Although density functional theory has its roots in the Thomas-Fermi model for the electronic structure of materials, DFT was first put on a firm theoretical footing by Walter Kohn and Pierre Hohenberg in the framework of the two Hohenberg-Kohn theorems (H-K). The original H-K theorems held only for non-degenerate ground states in the absence of a magnetic field, although they have since been generalized to encompass these. The first H-K theorem demonstrates that the ground state properties of a many-electron system are uniquely determined by an electron density that depends on only 3 spatial coordinates. It set down the groundwork for reducing the many-body problem of N electrons with 3N spatial coordinates to 3 spatial coordinates, through the use of functionals of the electron density. This theorem has since been extended to the time-dependent domain to develop time-dependent density functional theory (TDDFT), which can be used to describe excited states. [43]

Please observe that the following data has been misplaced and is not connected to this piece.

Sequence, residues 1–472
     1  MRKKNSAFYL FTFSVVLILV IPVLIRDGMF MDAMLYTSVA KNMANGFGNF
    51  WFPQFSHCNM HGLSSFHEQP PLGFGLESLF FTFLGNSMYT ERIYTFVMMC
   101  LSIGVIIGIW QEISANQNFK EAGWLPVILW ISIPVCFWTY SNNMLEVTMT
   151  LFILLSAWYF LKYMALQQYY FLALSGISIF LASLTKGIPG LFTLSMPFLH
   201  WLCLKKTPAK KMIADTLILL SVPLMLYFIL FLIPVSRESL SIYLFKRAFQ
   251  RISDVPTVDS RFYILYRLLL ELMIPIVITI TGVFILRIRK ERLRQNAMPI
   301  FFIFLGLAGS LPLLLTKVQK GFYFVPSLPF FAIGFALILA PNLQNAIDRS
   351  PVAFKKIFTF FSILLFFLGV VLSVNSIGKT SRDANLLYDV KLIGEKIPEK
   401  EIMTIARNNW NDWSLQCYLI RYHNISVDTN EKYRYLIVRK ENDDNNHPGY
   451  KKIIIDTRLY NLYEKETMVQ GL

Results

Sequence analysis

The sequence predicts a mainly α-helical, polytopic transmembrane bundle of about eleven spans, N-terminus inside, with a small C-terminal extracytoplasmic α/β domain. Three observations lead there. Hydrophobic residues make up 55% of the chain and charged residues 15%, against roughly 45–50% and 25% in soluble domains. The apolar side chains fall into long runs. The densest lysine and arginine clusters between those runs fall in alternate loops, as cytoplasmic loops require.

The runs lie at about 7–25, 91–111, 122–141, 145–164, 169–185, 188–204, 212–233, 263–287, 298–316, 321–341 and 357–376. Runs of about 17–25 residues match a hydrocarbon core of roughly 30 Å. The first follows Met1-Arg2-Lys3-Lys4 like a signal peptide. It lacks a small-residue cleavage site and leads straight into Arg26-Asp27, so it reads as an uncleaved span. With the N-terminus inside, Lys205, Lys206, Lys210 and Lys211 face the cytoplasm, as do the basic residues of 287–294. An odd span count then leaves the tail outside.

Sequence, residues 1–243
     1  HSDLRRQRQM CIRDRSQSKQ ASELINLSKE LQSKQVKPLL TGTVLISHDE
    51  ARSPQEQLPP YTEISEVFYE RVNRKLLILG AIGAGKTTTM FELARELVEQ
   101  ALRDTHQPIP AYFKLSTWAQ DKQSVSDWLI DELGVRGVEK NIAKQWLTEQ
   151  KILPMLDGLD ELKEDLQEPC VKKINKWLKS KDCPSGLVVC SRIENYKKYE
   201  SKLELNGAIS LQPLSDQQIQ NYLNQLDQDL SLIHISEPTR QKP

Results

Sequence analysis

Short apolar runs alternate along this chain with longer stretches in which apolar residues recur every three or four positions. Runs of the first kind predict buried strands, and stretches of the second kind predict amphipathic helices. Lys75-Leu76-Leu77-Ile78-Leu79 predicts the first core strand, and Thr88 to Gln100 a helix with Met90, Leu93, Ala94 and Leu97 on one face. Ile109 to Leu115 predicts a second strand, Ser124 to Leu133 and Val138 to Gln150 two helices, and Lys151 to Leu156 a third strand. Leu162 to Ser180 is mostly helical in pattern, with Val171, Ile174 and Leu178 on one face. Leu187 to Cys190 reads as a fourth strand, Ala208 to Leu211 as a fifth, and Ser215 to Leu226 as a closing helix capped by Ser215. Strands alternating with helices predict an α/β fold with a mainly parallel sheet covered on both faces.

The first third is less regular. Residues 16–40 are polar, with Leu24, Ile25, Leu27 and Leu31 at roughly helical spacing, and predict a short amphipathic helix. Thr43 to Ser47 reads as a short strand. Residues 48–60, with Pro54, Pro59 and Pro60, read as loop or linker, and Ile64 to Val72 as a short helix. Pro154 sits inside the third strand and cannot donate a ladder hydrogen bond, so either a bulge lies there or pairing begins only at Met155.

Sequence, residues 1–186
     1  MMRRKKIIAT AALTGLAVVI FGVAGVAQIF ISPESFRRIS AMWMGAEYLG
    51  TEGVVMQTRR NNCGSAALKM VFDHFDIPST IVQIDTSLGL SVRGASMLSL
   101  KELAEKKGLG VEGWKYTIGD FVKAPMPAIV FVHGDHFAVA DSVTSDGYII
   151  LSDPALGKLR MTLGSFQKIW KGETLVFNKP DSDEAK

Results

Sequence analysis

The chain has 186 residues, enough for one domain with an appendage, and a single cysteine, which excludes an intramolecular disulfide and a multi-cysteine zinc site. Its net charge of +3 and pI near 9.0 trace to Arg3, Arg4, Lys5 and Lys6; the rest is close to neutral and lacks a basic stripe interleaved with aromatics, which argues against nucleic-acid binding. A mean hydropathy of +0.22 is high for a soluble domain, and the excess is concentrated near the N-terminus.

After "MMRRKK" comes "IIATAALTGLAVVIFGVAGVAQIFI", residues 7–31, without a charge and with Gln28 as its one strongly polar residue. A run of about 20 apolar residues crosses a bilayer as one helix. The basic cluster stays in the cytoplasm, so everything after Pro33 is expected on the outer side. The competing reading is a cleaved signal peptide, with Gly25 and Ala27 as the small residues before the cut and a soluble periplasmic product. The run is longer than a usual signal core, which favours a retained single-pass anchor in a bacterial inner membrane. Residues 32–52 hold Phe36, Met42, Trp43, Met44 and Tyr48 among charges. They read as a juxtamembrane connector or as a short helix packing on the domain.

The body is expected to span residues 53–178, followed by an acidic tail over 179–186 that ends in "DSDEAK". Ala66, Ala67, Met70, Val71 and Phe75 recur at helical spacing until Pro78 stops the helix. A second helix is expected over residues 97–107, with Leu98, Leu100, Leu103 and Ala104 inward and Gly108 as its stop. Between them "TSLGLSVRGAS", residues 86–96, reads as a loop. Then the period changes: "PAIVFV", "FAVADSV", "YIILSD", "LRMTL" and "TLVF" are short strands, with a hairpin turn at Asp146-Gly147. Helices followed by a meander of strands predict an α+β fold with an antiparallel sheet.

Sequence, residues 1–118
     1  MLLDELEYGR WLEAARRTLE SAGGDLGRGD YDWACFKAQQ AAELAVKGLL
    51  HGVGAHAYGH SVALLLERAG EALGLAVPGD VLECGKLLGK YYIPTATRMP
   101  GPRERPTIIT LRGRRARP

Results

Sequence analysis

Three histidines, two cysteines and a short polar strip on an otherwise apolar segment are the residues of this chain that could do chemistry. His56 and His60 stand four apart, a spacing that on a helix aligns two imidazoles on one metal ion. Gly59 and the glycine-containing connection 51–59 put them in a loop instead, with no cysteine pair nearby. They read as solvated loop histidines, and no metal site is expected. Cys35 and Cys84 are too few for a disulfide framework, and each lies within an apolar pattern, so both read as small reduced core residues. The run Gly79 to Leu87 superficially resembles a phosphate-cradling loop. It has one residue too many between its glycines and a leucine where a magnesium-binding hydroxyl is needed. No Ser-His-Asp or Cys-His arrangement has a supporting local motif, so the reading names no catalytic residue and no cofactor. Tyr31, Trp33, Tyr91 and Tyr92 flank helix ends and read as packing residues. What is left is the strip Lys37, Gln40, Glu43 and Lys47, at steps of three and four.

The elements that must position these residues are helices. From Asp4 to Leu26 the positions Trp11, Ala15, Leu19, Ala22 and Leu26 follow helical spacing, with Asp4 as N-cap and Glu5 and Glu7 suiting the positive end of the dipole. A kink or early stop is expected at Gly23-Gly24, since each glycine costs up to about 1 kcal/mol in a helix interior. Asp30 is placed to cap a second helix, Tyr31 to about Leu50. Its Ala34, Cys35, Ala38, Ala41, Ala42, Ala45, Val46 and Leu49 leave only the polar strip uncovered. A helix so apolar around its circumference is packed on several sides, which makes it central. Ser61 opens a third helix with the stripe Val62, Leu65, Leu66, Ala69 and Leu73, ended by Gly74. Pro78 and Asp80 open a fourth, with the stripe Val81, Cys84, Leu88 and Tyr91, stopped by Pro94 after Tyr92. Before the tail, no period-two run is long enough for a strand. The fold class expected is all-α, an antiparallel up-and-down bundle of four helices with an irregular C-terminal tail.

In work that later won them the Nobel prize in chemistry, The H-K theorem was further developed by Walter Kohn and Lu Jeu Sham to produce Kohn-Sham DFT (KS DFT). Within this framework, the intractable many-body problem of interacting electrons in a static external potential is reduced to a tractable problem of non-interacting electrons moving in an effective potential. The effective potential includes the external potential and the effects of the Coulomb interactions between the electrons, e.g., the exchange and correlation interactions. Modeling the latter two interactions becomes the difficulty within KS DFT. The simplest approximation is the local-density approximation (LDA), which is based upon exact exchange energy for a uniform electron gas, which can be obtained from the Thomas-Fermi model, and from fits to the correlation energy for a uniform electron gas. Non-interacting systems are relatively easy to solve as the wavefunction can be represented as a Slater determinant of orbitals. Further, the kinetic energy functional of such a system is known exactly. The exchange-correlation part of the total-energy functional remains unknown and must be approximated. [44]